This week's edition of the Canby Vibe podcast had newly-selected Canby City Councilor Trvgye Berge in the broadcast center to talk about his new role and what he's interested in. Berge's early focus, he said, would be on listening to community concerns and ideas, as well as learning what his role will be and how he can help the team, and Canby, moving forward.
When he was interviewed, Berge noted his interest in the Wayside Project that was part of the master plan back in 2003-04. The topic spurred more conversation about what could or could not be done with that property – 100 acres that butts up against the Willamette River. While John envisioned a rustic wooden fishing lodge with rooms to rent, a fire pit to cook the day's catch and other amenities, the rest of the group offered their own, more modest proposals.
Of course, no Canby Vibe podcast is complete without Assistant Editor Kristen Wohlers offering her thoughts on wine consumption during the week; however, Wohlers pulled a shocker when she admitted to not having any wine during the week, though she had enjoyed a tasty mojito next door at the Backstop Bar & Grill. Editor John Baker, emboldened by Wohlers's confession, admitted to trying an apricot cider that he found in the "singles" aisle of the local store. What ensued was a spirited conversation between everyone about just exactly what an apricot is and how it might taste. There were several in the "no" apricot category.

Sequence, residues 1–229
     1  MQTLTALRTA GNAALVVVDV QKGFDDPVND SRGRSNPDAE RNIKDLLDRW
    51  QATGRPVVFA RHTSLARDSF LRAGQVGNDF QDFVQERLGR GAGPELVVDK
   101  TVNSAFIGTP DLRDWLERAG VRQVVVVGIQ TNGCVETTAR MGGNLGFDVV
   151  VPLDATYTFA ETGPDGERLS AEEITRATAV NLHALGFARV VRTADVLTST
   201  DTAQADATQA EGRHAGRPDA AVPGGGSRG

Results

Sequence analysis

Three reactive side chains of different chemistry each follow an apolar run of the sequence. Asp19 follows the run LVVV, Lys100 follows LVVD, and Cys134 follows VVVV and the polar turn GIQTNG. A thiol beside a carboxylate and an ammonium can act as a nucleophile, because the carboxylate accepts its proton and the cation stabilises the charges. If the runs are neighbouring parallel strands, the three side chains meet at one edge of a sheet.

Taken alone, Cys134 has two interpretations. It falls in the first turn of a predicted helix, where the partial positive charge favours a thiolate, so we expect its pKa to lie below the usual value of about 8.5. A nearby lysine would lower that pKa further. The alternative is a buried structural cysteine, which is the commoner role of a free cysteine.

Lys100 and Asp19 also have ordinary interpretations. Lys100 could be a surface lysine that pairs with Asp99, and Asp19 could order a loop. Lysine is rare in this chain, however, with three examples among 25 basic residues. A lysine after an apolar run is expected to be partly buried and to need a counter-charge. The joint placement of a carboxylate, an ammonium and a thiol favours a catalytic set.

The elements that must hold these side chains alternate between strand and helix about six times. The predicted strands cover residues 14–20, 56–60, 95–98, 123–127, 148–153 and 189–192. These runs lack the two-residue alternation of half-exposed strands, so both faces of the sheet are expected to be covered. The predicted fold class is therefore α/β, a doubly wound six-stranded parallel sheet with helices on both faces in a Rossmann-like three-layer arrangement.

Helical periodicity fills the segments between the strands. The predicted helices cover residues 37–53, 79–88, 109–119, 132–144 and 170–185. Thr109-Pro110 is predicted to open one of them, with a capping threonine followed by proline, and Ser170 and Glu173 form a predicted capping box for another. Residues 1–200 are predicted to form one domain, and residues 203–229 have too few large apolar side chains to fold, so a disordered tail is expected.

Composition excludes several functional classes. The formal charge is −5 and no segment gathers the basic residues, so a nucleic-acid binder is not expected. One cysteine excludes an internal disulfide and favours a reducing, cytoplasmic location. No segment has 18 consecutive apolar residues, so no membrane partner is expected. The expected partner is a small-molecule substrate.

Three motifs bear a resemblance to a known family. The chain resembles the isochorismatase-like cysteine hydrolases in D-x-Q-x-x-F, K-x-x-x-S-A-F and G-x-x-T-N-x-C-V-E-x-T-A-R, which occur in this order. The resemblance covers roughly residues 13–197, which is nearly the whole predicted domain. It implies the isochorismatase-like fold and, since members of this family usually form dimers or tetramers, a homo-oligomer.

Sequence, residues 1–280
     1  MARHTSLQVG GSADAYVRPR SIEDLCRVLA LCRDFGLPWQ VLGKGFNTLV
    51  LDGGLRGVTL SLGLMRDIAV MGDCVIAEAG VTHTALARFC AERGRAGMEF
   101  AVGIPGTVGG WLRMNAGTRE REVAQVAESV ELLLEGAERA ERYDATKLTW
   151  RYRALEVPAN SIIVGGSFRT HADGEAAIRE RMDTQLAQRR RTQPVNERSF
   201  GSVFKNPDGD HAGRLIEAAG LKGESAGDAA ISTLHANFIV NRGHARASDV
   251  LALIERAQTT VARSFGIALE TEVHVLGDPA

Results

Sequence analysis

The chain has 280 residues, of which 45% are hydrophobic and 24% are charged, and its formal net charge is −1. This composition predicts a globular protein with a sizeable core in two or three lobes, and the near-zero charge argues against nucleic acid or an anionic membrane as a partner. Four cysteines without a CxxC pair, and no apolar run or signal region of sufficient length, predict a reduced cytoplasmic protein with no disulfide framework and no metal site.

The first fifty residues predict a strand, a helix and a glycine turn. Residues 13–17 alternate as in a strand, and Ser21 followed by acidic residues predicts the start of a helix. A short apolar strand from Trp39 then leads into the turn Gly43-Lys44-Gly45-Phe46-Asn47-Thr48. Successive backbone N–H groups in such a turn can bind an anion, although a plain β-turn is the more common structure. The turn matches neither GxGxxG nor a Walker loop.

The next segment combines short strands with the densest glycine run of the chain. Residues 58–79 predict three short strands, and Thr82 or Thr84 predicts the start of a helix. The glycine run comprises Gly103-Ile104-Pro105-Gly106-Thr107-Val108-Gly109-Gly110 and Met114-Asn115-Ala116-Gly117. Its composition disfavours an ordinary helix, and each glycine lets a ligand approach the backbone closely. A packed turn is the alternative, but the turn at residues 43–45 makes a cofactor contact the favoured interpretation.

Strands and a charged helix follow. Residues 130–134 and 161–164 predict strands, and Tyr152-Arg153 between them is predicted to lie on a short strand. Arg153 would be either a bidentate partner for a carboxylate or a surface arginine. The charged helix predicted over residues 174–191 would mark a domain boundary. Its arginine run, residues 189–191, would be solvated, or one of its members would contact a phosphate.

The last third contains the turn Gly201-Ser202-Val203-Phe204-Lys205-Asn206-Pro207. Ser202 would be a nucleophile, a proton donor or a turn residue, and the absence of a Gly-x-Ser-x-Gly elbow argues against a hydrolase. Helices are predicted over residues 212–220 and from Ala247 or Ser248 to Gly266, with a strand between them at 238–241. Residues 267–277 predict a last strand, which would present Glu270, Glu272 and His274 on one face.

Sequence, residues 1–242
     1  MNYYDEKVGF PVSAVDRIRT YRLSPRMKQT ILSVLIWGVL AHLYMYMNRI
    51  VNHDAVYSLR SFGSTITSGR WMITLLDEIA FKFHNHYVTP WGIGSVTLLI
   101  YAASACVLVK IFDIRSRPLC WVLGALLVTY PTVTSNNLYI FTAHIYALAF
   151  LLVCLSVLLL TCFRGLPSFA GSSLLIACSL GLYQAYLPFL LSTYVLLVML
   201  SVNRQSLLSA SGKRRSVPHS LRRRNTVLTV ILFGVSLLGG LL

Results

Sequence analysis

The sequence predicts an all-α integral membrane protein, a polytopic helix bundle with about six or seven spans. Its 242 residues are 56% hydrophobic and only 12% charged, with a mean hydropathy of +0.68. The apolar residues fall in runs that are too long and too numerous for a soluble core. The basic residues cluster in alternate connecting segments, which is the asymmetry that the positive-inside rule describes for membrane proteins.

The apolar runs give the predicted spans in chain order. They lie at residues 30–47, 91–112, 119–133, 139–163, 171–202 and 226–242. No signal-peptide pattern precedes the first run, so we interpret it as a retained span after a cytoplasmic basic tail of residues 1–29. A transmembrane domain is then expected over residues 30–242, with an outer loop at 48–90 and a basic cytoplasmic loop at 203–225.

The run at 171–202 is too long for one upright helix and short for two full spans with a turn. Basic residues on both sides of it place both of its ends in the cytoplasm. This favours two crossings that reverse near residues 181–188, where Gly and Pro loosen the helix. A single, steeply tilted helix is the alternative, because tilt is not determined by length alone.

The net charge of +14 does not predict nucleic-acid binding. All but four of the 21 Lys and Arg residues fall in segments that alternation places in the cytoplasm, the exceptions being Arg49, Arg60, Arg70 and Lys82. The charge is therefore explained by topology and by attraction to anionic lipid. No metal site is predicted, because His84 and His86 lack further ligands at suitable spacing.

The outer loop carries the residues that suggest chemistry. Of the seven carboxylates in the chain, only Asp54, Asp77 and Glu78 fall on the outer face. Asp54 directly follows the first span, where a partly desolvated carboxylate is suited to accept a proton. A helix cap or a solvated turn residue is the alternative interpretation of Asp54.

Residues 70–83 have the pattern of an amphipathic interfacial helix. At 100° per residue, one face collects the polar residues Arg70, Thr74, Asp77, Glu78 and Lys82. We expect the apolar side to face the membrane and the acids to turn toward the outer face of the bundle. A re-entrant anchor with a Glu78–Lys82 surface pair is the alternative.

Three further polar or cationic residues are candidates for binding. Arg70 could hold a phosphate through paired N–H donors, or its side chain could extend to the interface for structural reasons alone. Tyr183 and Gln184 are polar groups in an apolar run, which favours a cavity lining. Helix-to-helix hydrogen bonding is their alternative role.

Along the way, Sports Editor Derek Wiley talked about some interesting items going on around the area, including a Canby man who scored a hole-in-one in Florence, and the successes of the Canby Gator swim club.
Also on the docket was the Sugarlump project that has an Aurora tie-in, a Buffalo Bill relation in the Aurora area, and some intriguing discussions about the upcoming Clackamas County Fair and Canby Rodeo and how John has been hip-deep in creating the annual fair guide this week.
Listen right here, on our homepage at canbyherald.com or on SoundCloud and iTunes.
Quality local journalism takes time and money, which comes, in part, from paying readers. If you enjoy articles like this one, please consider supporting us.
(It costs just a few cents a day.)